Mr. York seems to think McCain "laid it on a bit thick". I have to disagree. He emphasised both the importance of the ruling itself AND the importance of strict-constructionist judges, the sine qua non of the pro-life movement, given the existence and precedents of Roe v. Wade and Casey v. Planned Parenthood.

This round:

McCain: 1
Romney: 0.5
Giuliani: Ain't fooling anyone.

If Thompson never enters the race (a fortunately increasingly unlikely situation), at this point, I think I may just have to vote for McCain. It's that important.

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Wednesday, April 18, 2007

A Light In This Present Darkness

It has just been reported that the SCOTUS has upheld the national ban on partial birth abortions. It seems like the incremental strategy may, after all, be the path to success for the eventual eradication of legally sanctioned infanticide. Given all the sad news in the last couple days about the Virginia Tech shootings, this is particularly welcome good news.

UPDATE: It's a "breaking news" top-of-the-page headline on Foxnews. On CNN, it's buried WAY down, not even on the above-the-fold portion, and not even the top headline of the below-the-fold "latest news" subsection -- 10 headlines down, in fact. I had to search for it.

ANOTHER UPDATE: Kennedy wrote the majority opinion. Praise God for letting the dice Justice Kennedy apparently rolls before every vote come up in favor of our side!

STILL ANOTHER UPDATE: Still in its obscure location on CNN, 3 hours after it happened, and now the headline blandly reads "Supreme Court upholds ban on abortion procedure". Gee, CNN, thanks for giving me the impression that the SCOTUS upheld a ban on abortion itself, or just some nondescript variant thereof, rather than the procedure wherein a perfectly healthy, living fetus is partially delivered, its skull then pierced or crushed, and then fully extracted and tossed in the garbage.

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Tuesday, April 17, 2007

Why Is The Reverse Never True?

So Giuliani, I think, completely tanked his own personal chances at getting the nomination the other day by saying that "our party has to get beyond issues like [abortion]", as quoted here and many other places. Some are construing this as his advocacy of "big tent Republicanism", but I frankly can't read this in any other way than "I'm going to either completely ignore or totally rebuff all of you people who take the naive view that ending the legalized mass murder of millions of innocent human beings is vastly more important than pretty much everything else that our party represents". Granted, he already lost me by being to the left of most Dem candidates with regard to federally funded abortions. But it got me thinking.

We so often hear from virtually every "mainstream" pro-abortion-rights candidate, be he/she Democrat or Republican, that they are "personally against abortion", but can't bring themselves to "force their views on the women of America", or some such nonsense like that. They'll often throw in a "I would counsel any of my own relations against it!" for good measure. Think Giuliani, think Kerry, etc. Of course this view doesn't stand up against even the weakest scrutiny, but that's a post for a later time. What got me thinking is this: why is the reverse never true? Why is there never a politician who legislates pro-life, but argues "Personally, I am pro-choice, but I don't believe I should force those views onto mainstream America"? Sure, it may seem silly, but it's just as logically consistent as the other position.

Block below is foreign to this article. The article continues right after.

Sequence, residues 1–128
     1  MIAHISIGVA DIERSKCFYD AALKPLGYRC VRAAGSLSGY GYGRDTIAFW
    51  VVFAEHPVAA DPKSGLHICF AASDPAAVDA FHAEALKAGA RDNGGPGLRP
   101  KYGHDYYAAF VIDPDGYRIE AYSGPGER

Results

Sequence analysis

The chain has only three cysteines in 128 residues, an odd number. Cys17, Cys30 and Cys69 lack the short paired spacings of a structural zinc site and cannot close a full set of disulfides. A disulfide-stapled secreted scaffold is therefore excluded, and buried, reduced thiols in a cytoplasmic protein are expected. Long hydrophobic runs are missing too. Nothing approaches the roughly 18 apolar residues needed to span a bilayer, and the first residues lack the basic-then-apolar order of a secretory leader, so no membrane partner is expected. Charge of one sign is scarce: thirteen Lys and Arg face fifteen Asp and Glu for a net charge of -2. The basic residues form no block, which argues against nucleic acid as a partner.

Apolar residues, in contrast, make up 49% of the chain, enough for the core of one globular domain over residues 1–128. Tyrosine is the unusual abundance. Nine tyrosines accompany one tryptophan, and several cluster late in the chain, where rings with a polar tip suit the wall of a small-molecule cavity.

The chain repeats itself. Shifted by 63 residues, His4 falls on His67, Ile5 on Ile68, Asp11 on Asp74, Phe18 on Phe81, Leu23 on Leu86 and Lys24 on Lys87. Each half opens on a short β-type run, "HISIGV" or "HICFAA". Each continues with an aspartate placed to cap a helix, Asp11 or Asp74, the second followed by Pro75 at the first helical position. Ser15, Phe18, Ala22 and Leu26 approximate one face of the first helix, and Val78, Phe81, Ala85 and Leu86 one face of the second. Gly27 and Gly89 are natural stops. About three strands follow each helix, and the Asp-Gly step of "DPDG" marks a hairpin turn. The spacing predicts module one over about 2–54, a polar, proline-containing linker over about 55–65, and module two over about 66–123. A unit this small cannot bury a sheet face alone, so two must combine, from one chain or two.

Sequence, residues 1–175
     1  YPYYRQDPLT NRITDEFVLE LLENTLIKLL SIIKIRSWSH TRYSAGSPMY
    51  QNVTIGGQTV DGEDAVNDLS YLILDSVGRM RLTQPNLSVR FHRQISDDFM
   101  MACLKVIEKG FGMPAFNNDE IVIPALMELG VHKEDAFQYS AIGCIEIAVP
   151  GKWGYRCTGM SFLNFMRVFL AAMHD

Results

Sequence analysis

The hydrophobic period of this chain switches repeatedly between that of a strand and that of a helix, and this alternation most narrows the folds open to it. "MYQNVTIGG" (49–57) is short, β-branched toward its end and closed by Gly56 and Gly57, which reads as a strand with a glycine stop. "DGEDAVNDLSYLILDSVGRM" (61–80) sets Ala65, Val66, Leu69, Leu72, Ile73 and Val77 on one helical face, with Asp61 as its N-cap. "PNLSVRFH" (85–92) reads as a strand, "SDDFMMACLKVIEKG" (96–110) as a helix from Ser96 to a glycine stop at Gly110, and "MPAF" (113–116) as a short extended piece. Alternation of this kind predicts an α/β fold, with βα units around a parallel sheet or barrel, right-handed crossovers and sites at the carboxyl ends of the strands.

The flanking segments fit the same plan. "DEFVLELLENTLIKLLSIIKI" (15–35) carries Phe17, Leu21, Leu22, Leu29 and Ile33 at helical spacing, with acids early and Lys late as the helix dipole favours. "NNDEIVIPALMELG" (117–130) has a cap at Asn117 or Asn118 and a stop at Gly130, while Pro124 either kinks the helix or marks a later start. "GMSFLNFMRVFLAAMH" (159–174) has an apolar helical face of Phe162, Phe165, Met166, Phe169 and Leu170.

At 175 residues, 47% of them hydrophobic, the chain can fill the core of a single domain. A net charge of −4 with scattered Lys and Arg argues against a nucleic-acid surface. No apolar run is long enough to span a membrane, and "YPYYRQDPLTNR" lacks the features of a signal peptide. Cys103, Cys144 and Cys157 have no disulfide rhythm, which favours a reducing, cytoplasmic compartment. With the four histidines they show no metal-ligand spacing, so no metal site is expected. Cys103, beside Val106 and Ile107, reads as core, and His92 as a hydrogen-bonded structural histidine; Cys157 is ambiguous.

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Thursday, April 12, 2007

Seriously, We Have To Do Better Than This

Over at Democracy Project, there is this article purporting to lambaste the AP for only citing "experience covering intelligence" a "plus" when announcing a job opening for a reporter to cover the intelligence community in DC. Their key point:

Would the AP advertise for a sports reporter for whom knowledge and experience with baseball, basketball, football, soccer, hockey, tennis, and so forth is only a “plus,” rather than essential and primary?

Read the actual ad posted. Now, anyone who's spent five minutes browsing my archives knows, beyond a shadow of a doubt, that I am keenly aware of and eager to expose the MSM's blatant liberal bias and stupidity when covering all things military and/or intelligence-related. So coming from me, this oughta carry weight: You -- Democracy Project -- must do better than this. First of all, nowhere in the job posting does it say that knowledge of intelligence matters is merely a "plus". You, Bruce Kesler, are conflating knowledge and experience. Secondly, are your recruiting standards so paradoxical that only a person experienced with a specific job can then proceed to apply for and win that very same job? People have to start somewhere. Do you think that, somehow, in a weird Moebius strip of journalistic hiring practices, all first-time reporters in the area of intelligence (and every reported must, in a causal system, have a first time!) nevertheless already have experience in this area?